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November 2011

Progressive Diner and "Man with a Pan" Giveaway

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When I was in my twenties, before marriage and before kids, I thought it would be great fun to gather a bunch of friends for a dinner out, and have the appetizer at one restaurant, the main course at another, and the dessert at yet a third.  I thought it was a brilliant idea and I commended myself on my originality. Yet, as it so happens with one's youthful ideas, I never acted on it, and it wasn’t all that original.

There is name for this kind of activity. It is called a progressive dinner, and I participated in one for the first time over the weekend. It was organized as a fundraiser for our local school, and it was more fun than I could have imagined.

We started off with cocktails at one couple’s apartment where picture windows framed New York Harbor and homemade sangria and gruyère fondue were served. I’ll never forget those views, nor the mouthwatering scent of the simmering gruyère. After the appetizers, we went on another home, where we sipped lemongrass infused vodka, listened to gamelon recordings, and ate an amazing Thai dinner. Most of the cooking that night seemed to have been done by dads, and I was very impressed. I'll get some recipes and post them here during the week.

In the meantime, I'd like to hear if you have ever been a part of a progressive dinner. Write a comment or shoot me an email, and tell me your story. At the end of the week, I'll give the author of  the most interesting tale a copy of my book, "Man with a Pan: Culinary Adventures of Fathers who Cook for their Families." Bonus points for recipes.


The Magic of Blue Cheese and Spotify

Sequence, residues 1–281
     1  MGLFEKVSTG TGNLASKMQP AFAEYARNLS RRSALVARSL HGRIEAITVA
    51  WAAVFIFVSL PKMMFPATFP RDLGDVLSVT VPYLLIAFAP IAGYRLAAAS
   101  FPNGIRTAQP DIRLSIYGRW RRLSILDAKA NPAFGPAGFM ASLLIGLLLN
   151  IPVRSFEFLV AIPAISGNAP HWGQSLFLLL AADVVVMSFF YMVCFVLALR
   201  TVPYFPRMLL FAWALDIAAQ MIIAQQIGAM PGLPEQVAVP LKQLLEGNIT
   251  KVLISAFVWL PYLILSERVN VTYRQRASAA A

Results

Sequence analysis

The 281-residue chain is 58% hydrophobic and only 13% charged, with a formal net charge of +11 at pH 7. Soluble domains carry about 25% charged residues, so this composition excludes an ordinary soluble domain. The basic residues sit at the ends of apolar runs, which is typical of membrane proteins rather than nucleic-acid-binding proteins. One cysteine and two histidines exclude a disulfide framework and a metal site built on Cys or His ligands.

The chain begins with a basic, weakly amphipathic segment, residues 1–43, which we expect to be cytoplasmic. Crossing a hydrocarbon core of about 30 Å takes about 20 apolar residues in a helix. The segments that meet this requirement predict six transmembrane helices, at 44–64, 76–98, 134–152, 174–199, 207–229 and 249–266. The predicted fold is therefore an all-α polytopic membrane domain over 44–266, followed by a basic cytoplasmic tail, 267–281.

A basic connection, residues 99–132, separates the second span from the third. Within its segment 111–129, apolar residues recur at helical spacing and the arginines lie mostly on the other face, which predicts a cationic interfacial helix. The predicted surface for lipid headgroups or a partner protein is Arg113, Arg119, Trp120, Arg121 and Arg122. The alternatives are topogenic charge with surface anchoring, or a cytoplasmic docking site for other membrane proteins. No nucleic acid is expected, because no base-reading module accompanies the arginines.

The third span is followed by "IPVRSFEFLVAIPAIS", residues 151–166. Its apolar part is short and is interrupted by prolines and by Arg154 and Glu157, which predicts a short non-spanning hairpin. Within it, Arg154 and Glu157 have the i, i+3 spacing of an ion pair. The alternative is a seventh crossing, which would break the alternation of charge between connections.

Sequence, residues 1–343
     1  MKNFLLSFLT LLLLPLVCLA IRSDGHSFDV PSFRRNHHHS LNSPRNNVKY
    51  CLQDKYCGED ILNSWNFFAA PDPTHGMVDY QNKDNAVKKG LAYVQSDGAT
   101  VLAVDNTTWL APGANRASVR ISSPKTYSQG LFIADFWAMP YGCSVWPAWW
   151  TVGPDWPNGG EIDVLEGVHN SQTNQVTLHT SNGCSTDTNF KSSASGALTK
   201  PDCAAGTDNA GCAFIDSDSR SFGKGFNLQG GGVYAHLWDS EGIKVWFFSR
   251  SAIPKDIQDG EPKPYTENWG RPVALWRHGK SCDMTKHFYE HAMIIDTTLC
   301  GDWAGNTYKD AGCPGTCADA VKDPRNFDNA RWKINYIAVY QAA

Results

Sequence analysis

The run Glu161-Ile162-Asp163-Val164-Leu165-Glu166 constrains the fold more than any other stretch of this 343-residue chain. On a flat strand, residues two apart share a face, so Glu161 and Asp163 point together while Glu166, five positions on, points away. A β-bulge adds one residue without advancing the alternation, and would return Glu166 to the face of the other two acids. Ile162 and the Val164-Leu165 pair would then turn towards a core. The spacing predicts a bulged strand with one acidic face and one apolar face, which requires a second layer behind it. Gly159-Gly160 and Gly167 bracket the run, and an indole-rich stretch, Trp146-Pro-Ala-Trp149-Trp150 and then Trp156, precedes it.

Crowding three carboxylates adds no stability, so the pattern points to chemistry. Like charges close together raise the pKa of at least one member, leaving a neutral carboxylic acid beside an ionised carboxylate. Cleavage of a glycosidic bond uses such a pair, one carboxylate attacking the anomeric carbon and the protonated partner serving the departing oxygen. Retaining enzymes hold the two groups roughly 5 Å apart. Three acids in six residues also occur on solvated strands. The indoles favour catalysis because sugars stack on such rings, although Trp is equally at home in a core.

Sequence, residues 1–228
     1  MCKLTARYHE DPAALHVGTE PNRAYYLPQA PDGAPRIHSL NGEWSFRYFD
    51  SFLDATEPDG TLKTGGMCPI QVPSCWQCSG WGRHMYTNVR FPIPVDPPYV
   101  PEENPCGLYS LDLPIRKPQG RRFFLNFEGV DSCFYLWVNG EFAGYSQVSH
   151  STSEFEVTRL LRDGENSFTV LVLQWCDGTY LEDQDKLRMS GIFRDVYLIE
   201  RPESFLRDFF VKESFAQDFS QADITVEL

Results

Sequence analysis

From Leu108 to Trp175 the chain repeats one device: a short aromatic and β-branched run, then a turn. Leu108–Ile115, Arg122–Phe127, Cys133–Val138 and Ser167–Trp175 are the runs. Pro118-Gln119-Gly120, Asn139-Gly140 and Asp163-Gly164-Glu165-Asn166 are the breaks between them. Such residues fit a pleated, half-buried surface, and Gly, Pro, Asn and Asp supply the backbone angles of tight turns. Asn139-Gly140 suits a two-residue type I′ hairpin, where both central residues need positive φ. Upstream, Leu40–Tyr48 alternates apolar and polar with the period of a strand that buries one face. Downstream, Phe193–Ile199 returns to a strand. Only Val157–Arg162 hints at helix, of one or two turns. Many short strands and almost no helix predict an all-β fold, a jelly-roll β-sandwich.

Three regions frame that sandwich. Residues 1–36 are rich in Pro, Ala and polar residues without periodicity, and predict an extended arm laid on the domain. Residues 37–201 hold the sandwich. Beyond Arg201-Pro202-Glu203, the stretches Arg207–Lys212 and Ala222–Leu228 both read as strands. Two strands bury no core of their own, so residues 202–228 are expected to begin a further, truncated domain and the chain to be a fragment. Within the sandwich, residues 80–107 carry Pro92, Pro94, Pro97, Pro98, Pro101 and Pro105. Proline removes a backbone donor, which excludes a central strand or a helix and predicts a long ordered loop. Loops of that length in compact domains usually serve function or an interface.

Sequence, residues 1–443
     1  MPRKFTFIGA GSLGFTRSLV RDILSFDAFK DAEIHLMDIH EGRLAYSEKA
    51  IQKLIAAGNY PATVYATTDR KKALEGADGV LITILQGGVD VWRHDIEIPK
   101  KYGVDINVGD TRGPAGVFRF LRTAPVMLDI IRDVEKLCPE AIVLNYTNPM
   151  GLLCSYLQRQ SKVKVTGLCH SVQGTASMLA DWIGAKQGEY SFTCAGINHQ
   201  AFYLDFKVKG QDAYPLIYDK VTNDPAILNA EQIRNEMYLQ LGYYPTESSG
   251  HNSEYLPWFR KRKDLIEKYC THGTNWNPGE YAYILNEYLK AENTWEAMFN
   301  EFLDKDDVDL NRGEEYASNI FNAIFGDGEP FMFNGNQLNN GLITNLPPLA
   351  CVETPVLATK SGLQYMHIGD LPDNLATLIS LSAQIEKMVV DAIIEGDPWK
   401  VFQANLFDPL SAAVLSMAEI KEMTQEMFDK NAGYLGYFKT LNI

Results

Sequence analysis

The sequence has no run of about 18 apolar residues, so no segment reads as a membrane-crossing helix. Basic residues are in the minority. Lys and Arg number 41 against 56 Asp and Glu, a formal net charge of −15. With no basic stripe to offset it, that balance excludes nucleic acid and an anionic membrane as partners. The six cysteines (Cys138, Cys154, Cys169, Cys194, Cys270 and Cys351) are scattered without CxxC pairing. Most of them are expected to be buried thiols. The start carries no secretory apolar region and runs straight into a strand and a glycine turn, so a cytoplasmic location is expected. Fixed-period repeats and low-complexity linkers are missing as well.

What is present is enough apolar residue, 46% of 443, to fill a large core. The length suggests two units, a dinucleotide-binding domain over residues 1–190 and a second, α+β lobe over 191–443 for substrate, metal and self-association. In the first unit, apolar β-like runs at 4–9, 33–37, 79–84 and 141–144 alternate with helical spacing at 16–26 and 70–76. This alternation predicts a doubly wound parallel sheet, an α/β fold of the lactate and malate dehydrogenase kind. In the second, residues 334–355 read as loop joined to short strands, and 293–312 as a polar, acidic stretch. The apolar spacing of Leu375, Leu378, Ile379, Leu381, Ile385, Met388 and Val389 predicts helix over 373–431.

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One of my favorite sayings about parenting and running a home kitchen is: “Amateurs talk strategy and professionals talk logistics.” The line comes from the military (it is often attributed to the U. S. Second World War field commander Omar Bradley), and to me, it means that getting food into the kitchen and keeping the supply lines running is the central thing to achieving victory at dinnertime. I’ve long been obsessive about keeping a shopping list, and making a weekly pilgrimage to the store to make sure we have milk, bread, chicken, eggs, and other staples on hand.

Occasionally, the advance shop pays off in unexpected ways. Over the weekend, Santa Maria picked up a few things up at Brooklyn Larder, including a wonderfully stinky cheese, Jasper Hill Bayley Hazen, a raw cow's milk blue, from Greensboro, Vermont. On Wednesday, it transformed a rather dull weeknight dinner of pasta, jar sauce, and mozzarella, into savory treat when, much to my delight, I remembered that it was in the refrigerator. I sprinkled it over a salad of hearts of romaine and arugula, and suddenly I was transported. I felt like I was sitting on a sunny hillside eating lunch while on vacation in France.